The Best Ways to Teach Your Kids How to Swim

If you are looking for how to teach your kids to swim at home, look no further!

This guide on the best ways to teach your kids to swim explores everything you need to know. From safety precautions to the steps needed to teach swimming basics, we have you covered.

Keep reading to learn all about giving your child the best possible swim instruction from the comfort of your own backyard.

Before You Begin: Safety Precautions for New Swimmers

The first step to teaching your child how to swim at home is to ensure you have all the necessary safety precautions in place.

Here are 4 crucial components to at-home pool safety:

1. Safety Equipment

Basic safety equipment that any pool-owner should have include:

  • Life Vests and Floaties: Personal flotation devices such as life vests and floaties are wearable equipment that helps swimmers float above water. These are useful for both children and adults who lack strong swimming skills.
  • Flotation Devices: A popular flotation device to have on hand for a home pool is a buoy ring. These devices will generally have a rope or cord attached and are used to rescue swimmers who are struggling to stay above water.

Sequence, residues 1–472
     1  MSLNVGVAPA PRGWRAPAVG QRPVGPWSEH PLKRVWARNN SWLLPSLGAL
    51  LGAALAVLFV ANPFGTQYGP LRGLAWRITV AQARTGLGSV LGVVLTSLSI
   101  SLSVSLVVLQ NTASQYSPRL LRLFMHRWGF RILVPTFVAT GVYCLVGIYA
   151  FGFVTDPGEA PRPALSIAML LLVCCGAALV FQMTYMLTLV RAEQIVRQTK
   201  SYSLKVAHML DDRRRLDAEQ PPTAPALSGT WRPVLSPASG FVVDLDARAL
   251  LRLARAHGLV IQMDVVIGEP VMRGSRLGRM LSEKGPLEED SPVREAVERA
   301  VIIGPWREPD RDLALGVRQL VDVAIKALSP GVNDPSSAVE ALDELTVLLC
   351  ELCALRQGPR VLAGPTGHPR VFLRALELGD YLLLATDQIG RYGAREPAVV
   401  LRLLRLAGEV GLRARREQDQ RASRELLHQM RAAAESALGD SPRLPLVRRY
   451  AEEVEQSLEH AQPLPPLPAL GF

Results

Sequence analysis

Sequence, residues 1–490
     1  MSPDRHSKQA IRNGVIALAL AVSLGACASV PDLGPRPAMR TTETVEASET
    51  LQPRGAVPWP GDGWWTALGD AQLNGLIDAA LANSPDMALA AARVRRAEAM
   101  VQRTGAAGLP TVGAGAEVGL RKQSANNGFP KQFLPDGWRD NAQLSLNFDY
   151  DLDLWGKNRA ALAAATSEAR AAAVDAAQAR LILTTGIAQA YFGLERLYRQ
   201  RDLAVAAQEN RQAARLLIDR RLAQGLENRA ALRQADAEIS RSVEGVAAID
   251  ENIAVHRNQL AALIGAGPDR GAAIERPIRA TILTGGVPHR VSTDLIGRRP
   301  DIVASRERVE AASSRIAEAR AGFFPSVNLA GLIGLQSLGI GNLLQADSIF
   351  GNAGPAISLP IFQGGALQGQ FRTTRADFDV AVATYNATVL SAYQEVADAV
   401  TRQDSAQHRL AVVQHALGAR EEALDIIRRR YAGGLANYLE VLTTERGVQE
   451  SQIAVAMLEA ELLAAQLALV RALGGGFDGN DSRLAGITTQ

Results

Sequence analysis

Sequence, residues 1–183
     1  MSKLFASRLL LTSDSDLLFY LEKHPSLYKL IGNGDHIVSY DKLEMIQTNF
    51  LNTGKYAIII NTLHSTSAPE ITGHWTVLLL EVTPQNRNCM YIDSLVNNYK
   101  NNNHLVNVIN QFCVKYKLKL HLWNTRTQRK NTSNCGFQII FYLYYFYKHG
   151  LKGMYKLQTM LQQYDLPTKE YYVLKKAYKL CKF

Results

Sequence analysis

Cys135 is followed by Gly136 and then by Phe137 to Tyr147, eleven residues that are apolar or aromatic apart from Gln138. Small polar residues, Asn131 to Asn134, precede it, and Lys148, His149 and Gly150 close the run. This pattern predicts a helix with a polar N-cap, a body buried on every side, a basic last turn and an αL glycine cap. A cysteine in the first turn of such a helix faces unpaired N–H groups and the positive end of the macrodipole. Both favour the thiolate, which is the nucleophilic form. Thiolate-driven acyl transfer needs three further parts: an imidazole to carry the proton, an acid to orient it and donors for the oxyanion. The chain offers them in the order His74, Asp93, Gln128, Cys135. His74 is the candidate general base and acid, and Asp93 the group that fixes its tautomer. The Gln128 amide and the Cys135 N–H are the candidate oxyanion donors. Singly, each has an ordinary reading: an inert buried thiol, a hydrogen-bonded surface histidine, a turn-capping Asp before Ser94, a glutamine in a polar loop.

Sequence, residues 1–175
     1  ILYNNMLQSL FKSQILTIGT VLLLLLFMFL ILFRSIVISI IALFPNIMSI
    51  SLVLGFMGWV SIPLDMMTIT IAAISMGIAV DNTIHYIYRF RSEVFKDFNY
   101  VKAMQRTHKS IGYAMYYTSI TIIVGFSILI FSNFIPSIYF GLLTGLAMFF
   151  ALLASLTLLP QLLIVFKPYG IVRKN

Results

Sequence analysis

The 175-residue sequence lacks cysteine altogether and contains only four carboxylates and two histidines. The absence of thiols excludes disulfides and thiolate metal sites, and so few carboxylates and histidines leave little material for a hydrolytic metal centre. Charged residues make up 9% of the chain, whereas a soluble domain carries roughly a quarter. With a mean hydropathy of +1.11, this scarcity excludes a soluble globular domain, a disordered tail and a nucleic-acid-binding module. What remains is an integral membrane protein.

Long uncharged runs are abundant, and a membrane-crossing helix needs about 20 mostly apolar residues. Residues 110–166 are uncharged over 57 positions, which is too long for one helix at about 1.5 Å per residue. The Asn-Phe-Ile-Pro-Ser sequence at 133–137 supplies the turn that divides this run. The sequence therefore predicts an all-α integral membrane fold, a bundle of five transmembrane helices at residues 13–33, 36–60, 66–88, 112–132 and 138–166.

• Proper Lighting: When you install a pool, having proper outdoor and pool lighting is essential. This will help children and adults alike to avoid accidental trips or falls into the pool. It also helps eliminate more danger during dark hours.
  • First Aid Kit: Having a stocked first-aid kit nearby your pool is always a good idea. With this kit, you may also want to store extra sunscreen and sun protection supplies to avoid unwanted sunburns (and grumpy kiddos!).

Additional equipment to consider purchasing includes cameras and pool alarm systems that help you monitor what is happening in your backyard.

2. Adult Supervision

Having a pool in your backyard can add a lot of flair and excitement to your home. However, it also adds a new layer of risk – especially if you have small children.